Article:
As pen and ink drawings take center stage this Inktober, we turn to artist Jason Franz who understands the “draw” of the ballpoint pen. Below, he shares with us how this easily accessible writing utensil can be an artist’s magic wand.
Get ready to be bewitched by this incredible, art-making tool!
The Power of Ballpoint Pen
Many artists and designers favor the ballpoint pen as a go-to tool. Some are seduced by the rich surface and delicately modulated values it can produce. Others, especially designers, use it as much for its ubiquity as for its dynamic range of line weight. For line drawing, it allows for everything from ghostly soft to unyieldingly graphic marks.
Meanwhile, the blue color of the common pen’s ink serves as a badge of membership in a distinctive circle. There’s just something about making art or concept design using an object that can be found on just about any office desk in the world. The ballpoint pen is a source of power lying in wait wherever you look.
These are all good reasons to work in ballpoint. But for me, the medium has come to embody something greater. It’s an entire way of making art and relating to the world.
Here I’ll explain how using ballpoint has helped my students gain confidence and skill. I’ll share a few pointers for working with this rewarding and surprisingly versatile implement.
A Tool for Conquering Fear
My own use of ballpoint pen as a favored tool arose out of my teaching. One obstacle for many would-be artists is their inherent fear — of the media, of the subject, of not being talented. If you don’t let go of fear, you’ll never discover what you can really do.
Combating this sort of fear, especially in first-year students, is a significant challenge. To do so, I developed a strategy for encouraging students to revel in mistakes and uncertainty and turn those mistakes into assets in their search for quality.
This strategy involves requiring students to draw with media that are not easily erased. Erasing is, in one sense, a safety belt that protects the artist. But it can also be a crutch that impedes him or her. I start by having students use wax-based colored pencils, assigning them to complete line drawings of simple objects in three layers.
Each layer will have a different value — light, medium and dark. I also instruct them to undertake each layer of line work with a different mindset — first searching, then confirming and finally punctuating. The idea is that the first layer, no matter how inaccurate it is, can only be so dominant, by virtue of its light value. It can only do so much damage.
My students soon learned they could make a mess in their first layer with a light yellow pencil. As soon as they applied a mid-value orange, that light yellow seemed to sink away into the paper. This gave way to the more confident — and more accurate — second layer.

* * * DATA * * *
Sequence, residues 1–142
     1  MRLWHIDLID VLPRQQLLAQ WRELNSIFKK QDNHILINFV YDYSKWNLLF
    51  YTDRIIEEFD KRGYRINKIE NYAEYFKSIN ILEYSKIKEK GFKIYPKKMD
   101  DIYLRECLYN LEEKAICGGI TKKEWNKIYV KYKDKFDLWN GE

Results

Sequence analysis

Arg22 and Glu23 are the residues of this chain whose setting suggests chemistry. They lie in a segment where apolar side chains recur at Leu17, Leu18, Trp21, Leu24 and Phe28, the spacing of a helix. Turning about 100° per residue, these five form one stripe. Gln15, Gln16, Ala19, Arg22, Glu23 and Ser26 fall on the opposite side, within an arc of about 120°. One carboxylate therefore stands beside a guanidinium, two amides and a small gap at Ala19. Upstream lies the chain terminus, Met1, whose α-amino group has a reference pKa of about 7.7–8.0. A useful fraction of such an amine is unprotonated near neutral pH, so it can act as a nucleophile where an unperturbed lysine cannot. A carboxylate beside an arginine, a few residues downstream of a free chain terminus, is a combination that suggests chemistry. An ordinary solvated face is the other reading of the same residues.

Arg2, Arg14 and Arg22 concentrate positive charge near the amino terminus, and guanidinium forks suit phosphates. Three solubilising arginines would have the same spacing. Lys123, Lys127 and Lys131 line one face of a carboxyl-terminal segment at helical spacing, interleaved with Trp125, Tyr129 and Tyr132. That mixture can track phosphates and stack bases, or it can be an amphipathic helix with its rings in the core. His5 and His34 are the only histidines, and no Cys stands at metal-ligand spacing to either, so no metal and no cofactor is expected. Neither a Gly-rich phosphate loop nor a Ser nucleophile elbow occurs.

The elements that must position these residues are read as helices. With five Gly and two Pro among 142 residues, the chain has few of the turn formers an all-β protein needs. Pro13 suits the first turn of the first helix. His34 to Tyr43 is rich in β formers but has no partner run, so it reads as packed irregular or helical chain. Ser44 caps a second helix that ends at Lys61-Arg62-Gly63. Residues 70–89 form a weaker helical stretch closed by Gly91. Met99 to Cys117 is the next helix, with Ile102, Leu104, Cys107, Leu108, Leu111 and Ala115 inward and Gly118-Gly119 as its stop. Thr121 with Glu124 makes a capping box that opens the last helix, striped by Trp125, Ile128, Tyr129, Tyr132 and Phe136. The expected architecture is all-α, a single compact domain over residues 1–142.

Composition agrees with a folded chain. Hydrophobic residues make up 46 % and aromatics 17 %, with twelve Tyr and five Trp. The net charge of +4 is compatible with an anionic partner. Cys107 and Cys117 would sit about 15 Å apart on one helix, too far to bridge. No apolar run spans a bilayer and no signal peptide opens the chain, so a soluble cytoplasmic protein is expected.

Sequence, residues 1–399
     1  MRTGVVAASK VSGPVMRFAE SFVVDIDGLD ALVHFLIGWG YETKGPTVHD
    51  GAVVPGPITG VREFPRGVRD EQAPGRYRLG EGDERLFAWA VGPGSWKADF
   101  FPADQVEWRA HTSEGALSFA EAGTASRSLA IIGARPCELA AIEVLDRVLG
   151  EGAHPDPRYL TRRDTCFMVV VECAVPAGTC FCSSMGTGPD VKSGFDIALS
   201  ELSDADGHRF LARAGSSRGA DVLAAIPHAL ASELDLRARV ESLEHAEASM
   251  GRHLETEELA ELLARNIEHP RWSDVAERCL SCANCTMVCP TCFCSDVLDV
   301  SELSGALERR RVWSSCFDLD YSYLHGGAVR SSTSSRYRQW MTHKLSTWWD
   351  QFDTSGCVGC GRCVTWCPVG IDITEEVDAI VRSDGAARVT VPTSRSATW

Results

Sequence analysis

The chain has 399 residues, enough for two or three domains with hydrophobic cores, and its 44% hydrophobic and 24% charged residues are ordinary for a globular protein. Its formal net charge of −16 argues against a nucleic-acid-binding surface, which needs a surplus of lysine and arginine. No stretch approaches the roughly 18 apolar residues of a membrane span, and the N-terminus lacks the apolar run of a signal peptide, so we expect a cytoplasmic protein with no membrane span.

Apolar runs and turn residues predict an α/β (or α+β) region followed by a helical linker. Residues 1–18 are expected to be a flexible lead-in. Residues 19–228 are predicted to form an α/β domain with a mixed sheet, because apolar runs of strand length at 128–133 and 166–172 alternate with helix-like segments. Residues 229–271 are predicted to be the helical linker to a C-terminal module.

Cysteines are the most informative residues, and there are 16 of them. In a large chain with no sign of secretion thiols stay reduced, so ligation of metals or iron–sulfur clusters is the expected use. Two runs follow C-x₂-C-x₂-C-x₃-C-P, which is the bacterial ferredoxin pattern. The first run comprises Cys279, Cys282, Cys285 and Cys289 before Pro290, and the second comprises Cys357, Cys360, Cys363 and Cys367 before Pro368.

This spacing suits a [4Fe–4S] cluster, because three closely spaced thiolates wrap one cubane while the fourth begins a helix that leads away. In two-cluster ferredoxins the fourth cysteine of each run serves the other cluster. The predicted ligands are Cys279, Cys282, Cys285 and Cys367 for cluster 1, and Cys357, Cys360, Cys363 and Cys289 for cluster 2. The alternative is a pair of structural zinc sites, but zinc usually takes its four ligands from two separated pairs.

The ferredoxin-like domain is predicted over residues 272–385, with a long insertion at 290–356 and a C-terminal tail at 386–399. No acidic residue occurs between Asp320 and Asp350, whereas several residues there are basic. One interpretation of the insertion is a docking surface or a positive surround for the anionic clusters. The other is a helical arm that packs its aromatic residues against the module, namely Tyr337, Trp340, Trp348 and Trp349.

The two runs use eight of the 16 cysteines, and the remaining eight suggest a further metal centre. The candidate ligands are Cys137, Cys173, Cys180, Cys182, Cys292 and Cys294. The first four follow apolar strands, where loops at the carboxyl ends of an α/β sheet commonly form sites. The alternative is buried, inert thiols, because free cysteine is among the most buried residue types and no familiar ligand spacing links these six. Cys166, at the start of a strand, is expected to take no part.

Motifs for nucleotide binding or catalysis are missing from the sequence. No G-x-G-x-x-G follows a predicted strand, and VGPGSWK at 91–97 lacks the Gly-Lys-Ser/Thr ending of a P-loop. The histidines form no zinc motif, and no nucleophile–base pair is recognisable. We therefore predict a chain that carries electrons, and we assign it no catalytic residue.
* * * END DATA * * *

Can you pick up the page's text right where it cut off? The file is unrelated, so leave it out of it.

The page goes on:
Layer after layer, good drawings emerged from messes. As a bonus, the combination of layered colors proved aesthetically rich, energizing the drawings. Most powerful was my students’ newfound enthusiasm for and deliberate engagement in an honest, focused process.
I soon expanded my students’ options to similar media, such as grayscale markers and ballpoint pens. The governing factor is that these media are not erasable and are available in varying values. With ballpoint, the artist can produce multiple layers with a single pen, for adjusting the pressure achieves different values.
These lessons served a few purposes. First and foremost, they helped dispel students’ unconscious assumption that good artwork just happens through sheer talent. By forcing the process into several layers, the exercise provided a slow-motion view of what really happens in the design and execution of a drawing.
It showed my students that they could achieve good results without self-conscious hesitation. Unable to rely on erasing, my students had become fearless. The fact that they also learned that a simple, inexpensive ballpoint pen could be a tool for art was, for me, a satisfying bonus.
Choosing and Using a Ballpoint Pen
- The right pen for you might be one designed especially for fine artists, or it might be the cheapest bulk-rate ballpoint you can find. Choose a pen for its color, for how it feels in your hand and for how the line feels on the paper.
- With a good pen you shouldn’t have to press too hard to get a clear line, nor should ink blob out at a light touch. Look for a pen that can make light but clear lines when handled gently and very dark lines under more pressure. When you change the pressure, the corresponding change in line weight should be clear and consistent.
- Retractable ballpoints are available in different “weights,” each with different sizes of ink balls, as well as in many different colors.
- Consider wiping the pen tip from time to time to eliminate the accumulation of ink and paper fibers that can smear or become blotches on the paper.
- Experiment with different kinds of paper, from simple recycled printer paper to drawing paper, Bristol paper, high-quality matte inkjet paper, et cetera.
- Remember that ballpoint ink may fade over time when exposed to air and light, and it can even change color. Scan or photograph high-quality images of your finished drawings, and save the files in a safe place.